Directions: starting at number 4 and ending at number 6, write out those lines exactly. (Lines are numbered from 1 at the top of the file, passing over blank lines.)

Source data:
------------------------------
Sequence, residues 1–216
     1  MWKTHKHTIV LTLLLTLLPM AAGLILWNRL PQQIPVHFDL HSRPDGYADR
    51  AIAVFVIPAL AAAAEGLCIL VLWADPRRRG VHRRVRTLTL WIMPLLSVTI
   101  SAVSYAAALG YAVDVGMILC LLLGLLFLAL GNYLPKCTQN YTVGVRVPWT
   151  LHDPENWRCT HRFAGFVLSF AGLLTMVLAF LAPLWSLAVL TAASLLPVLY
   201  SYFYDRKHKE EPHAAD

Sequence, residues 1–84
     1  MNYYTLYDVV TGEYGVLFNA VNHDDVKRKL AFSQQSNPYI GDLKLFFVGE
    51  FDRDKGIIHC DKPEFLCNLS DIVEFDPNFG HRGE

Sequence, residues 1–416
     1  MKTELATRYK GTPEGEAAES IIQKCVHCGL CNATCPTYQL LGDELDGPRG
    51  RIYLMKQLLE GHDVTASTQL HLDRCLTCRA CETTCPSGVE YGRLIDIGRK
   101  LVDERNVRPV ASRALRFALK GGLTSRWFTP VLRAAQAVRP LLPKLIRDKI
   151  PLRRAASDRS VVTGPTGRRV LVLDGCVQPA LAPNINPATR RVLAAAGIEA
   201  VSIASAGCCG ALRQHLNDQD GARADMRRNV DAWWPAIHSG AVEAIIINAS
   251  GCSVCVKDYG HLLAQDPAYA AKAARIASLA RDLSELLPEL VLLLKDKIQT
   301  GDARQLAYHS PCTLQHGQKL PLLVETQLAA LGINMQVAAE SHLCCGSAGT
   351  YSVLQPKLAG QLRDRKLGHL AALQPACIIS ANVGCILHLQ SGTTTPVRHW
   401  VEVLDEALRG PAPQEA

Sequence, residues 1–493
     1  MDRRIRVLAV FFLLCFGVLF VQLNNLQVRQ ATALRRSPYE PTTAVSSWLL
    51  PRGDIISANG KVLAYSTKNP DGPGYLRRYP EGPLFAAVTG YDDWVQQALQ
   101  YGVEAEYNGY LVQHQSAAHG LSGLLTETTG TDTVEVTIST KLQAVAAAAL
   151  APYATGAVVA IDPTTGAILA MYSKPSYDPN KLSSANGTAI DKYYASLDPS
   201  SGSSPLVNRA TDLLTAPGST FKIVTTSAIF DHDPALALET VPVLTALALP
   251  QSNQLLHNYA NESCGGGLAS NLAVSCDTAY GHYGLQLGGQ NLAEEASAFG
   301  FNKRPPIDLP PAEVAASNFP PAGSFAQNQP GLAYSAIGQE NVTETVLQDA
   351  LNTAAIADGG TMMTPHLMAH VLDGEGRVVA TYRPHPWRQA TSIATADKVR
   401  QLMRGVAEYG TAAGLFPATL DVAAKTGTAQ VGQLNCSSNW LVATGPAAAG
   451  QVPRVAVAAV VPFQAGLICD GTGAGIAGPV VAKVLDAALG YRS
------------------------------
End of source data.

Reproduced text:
   101  SAVSYAAALG YAVDVGMILC LLLGLLFLAL GNYLPKCTQN YTVGVRVPWT
   151  LHDPENWRCT HRFAGFVLSF AGLLTMVLAF LAPLWSLAVL TAASLLPVLY
   201  SYFYDRKHKE EPHAAD